What’s better than Akatsuki? More Akatsukis!
Kiting the Boss Around Town
Rieze’s plan was a clever one. Rather than group all twenty-six people together and try to burn Nelreth down through overwhelming firepower—which probably wouldn’t have worked because he could have just teleported if he got into too much trouble, plus it would have buffed his stats out the wazoo—she had whoever encountered him first drag Nelreth through a succession of kill zones, where small groups were waiting to beat him the hell up. Constantly bringing fresh fighters to bear until Nelreth had done too much damage was smart, though to be fair, if he were smarter (and didn’t stick to Akatsuki), it would have all gone to shit in no time. Mostly I just cheered when Rieze explicitly referred to what Akatsuki was doing as kiting. As someone who had to kite raid bosses in EQ more than once, I can tell you it’s harrowing as fuck, so good on you for taking it the whole way, Akatsuki.
Akatsuki’s Overskill, & the Truth About Overskills
It has been hinted at before, but the truth of the Overskills is revealed: they are, at their root, the application of spells and abilities in ways that weren’t possible when this was a game. What’s interesting is that they’re actually incorporated into the game framework, or the UI if you will. That makes them not so much hacks as an evolution of the system the adventurers are used to. Nazuna’s Divine Step is a great example—a creative use of existing mechanics to do something that wasn’t possible before. Though maybe she just learned it from her time with Illya.
The birth of Akatsuki’s overskill was one of those great “Fuck yeah!” moments. Combining her desire for speed with her Tracker skill Hide Shadow (and probably other stuff), she can create doubles that do damage when they attack. Akatsuki has never been the sneaky, baskstabbing kind of Assassin, so this one fits her well. Also, lots of Akatsuki-chans WOO!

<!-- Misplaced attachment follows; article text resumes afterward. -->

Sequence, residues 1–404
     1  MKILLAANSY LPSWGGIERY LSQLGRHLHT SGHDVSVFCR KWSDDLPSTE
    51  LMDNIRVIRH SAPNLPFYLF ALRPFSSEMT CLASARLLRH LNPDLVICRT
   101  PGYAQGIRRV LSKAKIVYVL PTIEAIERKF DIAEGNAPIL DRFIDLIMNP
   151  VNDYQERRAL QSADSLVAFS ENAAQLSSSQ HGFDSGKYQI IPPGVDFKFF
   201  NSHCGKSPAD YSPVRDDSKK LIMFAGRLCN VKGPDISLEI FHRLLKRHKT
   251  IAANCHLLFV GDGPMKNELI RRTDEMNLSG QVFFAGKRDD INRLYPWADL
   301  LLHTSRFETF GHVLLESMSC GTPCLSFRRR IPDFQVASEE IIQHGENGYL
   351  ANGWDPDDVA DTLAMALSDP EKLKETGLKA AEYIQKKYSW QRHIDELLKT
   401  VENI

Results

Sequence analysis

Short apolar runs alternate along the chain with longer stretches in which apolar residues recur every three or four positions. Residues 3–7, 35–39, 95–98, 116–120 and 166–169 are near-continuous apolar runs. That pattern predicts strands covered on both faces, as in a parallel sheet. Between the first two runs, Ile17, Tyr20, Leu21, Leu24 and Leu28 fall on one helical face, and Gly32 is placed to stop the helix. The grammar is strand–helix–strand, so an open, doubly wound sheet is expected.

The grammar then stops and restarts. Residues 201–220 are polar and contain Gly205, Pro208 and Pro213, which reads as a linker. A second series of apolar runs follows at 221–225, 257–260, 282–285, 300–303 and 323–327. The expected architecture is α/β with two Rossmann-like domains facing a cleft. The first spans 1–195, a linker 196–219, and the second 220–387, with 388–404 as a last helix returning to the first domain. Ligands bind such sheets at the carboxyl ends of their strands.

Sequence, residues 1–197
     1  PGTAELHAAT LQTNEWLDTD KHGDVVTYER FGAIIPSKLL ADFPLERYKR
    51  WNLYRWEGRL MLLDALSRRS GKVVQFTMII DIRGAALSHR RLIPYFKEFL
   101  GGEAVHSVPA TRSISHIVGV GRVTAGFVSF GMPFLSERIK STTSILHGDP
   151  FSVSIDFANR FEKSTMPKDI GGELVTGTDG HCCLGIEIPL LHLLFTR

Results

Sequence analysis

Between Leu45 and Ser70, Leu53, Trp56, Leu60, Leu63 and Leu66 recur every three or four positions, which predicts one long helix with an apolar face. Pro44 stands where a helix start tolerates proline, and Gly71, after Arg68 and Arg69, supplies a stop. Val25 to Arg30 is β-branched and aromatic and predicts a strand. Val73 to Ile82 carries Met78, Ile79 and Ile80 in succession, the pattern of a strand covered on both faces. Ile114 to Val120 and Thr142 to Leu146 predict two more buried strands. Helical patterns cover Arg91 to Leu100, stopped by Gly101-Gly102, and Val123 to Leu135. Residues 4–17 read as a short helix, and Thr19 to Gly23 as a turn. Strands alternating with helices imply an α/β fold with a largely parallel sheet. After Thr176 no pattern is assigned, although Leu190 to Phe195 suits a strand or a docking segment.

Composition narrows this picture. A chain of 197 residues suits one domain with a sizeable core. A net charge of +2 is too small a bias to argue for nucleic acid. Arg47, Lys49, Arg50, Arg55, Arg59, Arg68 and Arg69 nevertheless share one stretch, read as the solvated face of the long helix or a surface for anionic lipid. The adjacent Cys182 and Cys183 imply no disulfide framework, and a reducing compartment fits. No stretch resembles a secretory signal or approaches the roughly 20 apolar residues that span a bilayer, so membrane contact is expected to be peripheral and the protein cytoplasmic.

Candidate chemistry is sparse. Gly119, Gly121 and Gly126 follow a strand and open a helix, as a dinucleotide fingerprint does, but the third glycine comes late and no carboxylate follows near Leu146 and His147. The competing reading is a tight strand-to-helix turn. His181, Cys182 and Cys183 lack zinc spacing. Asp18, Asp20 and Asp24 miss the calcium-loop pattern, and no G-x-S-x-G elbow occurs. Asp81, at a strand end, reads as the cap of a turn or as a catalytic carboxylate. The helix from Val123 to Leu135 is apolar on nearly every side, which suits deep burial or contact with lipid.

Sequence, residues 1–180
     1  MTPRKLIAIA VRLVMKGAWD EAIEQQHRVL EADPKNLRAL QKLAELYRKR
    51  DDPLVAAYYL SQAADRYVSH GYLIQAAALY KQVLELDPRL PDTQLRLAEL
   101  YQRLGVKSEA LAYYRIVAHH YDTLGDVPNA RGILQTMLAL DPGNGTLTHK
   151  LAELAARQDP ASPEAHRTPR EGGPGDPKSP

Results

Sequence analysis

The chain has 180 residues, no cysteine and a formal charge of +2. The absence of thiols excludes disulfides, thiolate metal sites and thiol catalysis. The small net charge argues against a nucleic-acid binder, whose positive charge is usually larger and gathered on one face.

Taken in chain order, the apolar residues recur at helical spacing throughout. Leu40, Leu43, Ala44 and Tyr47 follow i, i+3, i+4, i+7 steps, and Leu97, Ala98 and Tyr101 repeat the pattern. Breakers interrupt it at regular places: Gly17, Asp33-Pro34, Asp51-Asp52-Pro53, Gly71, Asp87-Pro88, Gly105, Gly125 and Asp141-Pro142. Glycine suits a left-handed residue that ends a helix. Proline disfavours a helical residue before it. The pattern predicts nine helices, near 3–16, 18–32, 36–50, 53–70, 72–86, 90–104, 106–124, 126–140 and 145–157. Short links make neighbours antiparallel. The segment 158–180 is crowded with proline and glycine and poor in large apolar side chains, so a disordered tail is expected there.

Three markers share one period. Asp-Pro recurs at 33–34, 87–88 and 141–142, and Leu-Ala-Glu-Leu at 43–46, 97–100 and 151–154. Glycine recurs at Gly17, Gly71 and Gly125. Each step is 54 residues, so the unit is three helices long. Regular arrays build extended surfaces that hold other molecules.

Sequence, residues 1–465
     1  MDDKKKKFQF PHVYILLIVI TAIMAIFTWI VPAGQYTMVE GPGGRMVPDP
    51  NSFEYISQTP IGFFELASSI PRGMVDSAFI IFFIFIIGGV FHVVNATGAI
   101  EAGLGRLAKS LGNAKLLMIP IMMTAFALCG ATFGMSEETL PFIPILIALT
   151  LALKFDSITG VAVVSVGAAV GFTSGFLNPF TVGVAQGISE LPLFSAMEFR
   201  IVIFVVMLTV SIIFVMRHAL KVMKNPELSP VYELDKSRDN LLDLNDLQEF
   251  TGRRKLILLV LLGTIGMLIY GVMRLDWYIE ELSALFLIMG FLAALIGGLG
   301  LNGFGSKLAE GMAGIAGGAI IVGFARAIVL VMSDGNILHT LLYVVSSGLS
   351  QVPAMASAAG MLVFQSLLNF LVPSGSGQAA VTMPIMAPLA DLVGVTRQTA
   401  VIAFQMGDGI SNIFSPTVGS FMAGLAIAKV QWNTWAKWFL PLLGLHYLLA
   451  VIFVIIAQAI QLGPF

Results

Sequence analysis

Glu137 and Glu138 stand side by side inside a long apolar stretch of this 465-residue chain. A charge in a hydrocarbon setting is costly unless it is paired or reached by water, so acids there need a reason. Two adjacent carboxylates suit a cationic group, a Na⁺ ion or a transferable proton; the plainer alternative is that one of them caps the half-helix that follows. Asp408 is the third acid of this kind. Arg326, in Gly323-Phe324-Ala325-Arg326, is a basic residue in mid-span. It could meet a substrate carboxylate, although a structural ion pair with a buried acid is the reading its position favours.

Accepting Weakness, False Strength
Akatsuki’s narration about the nature of weakness and strength is fascinating, and I don’t think I can do it justice. The critical point is the difference between Akatsuki and Nelreth. They both started at the same place, thinking they needed something else—a weapon, in both of their cases—to obtain the power they desired. But as luck would have it, Akatsuki was too poor to buy the crutch, which meant she had to pursue another path.
Accepting one’s weaknesses is an invaluable skill, because once you realize how weak you are, your dissatisfaction fades away, and you can focus on becoming the best you you possibly can. Akatsuki realized she was weak. That doesn’t mean she stopped striving, but she did stop beating herself up about it, which is an unproductive pastime. Rather than raging against the world like Nelreth did, Akatsuki learned to accept her inadequacies, and so quelled, at least in part, her jealousy of Minori. She refined herself, practiced her skills, and in the moment when she needed to take it up another level, she rose to the challenge and achieved something great.